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Legislative Assembly for the ACT: 1996 Week 9 Hansard (29 August) . . Page.. 2767 ..

MR HUMPHRIES (continuing):

undertaken lightly or for improper reasons. The vast majority of firearms owners, both here in the ACT and around the country, understand and respect this principle. They are responsible and law-abiding people, and they support the principles encapsulated in this Bill. Unfortunately, there are some vocal elements in the so-called gun lobby which will seek to criticise and detract from this legislative package and similar packages to be introduced in other jurisdictions. They do so without the support of most firearms owners and, indeed, the wider Australian community.

Before going on to discuss the Bill in some detail, I want to outline some of the events which led to this Bill being developed. All Australians were shocked and dismayed to learn of the events which occurred at Port Arthur on 28 April this year. That event, I am sure, will be etched in our memories and the memories of our children for many years to come. Thirty-five people lost their lives, and many others are suffering injury and trauma which will last for years to come. The nation's Police Ministers met in Canberra on 10 May to consider what for years has been seen as an issue for the too-hard basket. At that meeting all jurisdictions agreed to a range of measures, including a nationally linked firearms registration scheme, minimum licensing conditions and a ban on semiautomatic and self-loading firearms across all of Australia.

Legislation to ban semiautomatic firearms was presented to this Assembly the following week and was passed with the support of all members. I would like to acknowledge the multipartisanship with which this issue has been handled in the ACT, and I can only hope that my colleagues in other jurisdictions will find the same level of support in their parliaments. That multipartisanship marked a new moment for this Assembly and for the ACT community as a whole. Our community expected action and we, as the representatives of our community, delivered quickly on those expectations. I hope that the measures which I am announcing today will be met with similar support in this Assembly and in the wider community. There is a pressing need now to enact comprehensive legislation which will provide for national uniformity and a clear statement that Australia will not proceed down the path of some countries, such as the United States of America, by weakening controls on firearms.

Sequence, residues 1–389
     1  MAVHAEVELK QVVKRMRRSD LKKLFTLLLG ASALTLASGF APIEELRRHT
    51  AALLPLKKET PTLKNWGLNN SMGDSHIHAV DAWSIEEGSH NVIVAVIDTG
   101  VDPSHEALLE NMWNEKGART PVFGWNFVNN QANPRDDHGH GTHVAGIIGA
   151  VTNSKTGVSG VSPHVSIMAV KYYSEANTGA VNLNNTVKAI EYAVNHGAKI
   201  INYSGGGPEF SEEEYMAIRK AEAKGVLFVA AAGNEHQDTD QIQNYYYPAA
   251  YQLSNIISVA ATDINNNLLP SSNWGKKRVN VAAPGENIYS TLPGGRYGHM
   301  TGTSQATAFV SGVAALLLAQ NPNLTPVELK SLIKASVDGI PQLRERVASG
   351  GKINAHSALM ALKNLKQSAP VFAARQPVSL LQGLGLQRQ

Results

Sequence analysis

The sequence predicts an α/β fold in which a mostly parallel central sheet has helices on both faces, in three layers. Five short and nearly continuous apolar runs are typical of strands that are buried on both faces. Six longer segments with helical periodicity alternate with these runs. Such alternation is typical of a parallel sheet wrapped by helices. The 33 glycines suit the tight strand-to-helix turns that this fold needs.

Mr Speaker, the national guidelines for firearms control which have been adopted by Police Ministers are different in approach to the current position in the ACT, but they are not different in concept. The objects of this Bill are to prohibit the possession and use of firearms, except in appropriate circumstances which are outlined in the legislation; provide for permits to be issued subject to appropriate conditions for the possession, acquiring and use of firearms; and provide for a licensing and enforcement scheme for firearms owners. Together with the Prohibited Weapons Bill, which I will introduce shortly, this Bill will enhance the overall safety of members of our community. It will also facilitate a smooth transition to the agreed national system for the control and regulation of firearms.

I table, for the information of members, the full text of the resolutions agreed to by Police Ministers at meetings in May and July. The resolutions of the May meeting were as follows. Resolution 1 required that bans be placed on semiautomatic and self-loading firearms. That resolution resolved that all jurisdictions would move as quickly as possible to implement that ban. The ACT moved within the week to introduce that ban

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